A number of fires in the Jeep Grand Cherokee have led a non-profit consumer advocate groups to demand a recall of the popular SUV. The Center for Auto Safety (CAS) has made its appeal to Chrysler Group and its parent company Fiat. At issue are 5 million Grand Cherokees produced between 1993 and 2004.
The move has been prompted by the tragic deaths of three children. Cassidy Jarmon, Cole Hazleton, and Remington Walden were all killed when the Grand Cherokee in which they were riding caught fire after having been struck from behind. In a letter to the Chairman of Fiat, John Elkann, the group said that children were “dying in Jeeps in rear-impact fires.” They identified two faults which they claim makes the Grand Cherokee prone to this sort of accident. The first is a gas tank that is situated behind the rear axle and below the bumper in an area that engineers refer to as a crush zone. The tank was repositioned when the model was restyled in 2005, but the company maintains that this was not due to the fires. The second is a fuel filler pipe that is often ripped from the tank during an accident. This can allow gasoline to escape and cause a fire.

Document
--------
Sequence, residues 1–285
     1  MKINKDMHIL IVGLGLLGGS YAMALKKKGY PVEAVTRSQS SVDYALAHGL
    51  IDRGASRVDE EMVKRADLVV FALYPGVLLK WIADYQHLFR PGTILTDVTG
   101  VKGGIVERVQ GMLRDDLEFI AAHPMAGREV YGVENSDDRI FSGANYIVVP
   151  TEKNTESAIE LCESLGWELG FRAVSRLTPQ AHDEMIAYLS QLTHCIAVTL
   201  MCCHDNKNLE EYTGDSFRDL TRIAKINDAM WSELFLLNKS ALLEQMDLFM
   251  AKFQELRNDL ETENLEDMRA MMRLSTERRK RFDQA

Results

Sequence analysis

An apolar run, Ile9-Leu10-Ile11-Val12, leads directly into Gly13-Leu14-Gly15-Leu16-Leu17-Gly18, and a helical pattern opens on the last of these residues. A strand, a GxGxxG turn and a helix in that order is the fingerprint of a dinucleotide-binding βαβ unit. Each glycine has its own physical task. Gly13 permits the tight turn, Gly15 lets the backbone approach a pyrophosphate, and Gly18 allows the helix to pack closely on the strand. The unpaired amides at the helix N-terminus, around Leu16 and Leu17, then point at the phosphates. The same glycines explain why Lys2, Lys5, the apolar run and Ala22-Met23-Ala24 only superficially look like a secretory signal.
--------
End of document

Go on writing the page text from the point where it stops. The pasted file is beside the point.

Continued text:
The CAS has been pointing out these fire risks since 2009, but Chrysler has always maintained that the SUV was not prone to fires and pointed out that the Grand Cherokee met all federal safety standards. Answering the latest charges, the company said that the vehicles were not defective and did not pose an “unreasonable” risk to safety when involved in a rear impact. However, the National Highway Traffic Safety Administration (NHTS), was already investigating Grand Cherokee fires and has now upgraded their investigation to an engineering analysis.
The NHTSA investigation contradicts Chrysler by stating that fires were “more prevalent” in the Jeep Grand Cherokee in this type of accident than they were in similar vehicles. They then expanded their investigation to include 2002-07 Jeep Liberty models and released crash test results to back up their conclusions.
The CAS cites 157 fire deaths in Grand Cherokees, 15 of which were the result of rear-end impacts where the fires can spread very quickly. Cassidy Jarmon survived the initial impact but died two days later of burns and smoke inhalation because the fire had already spread before the four-year old could be removed from her child restraints.
Additional Reading and Resources: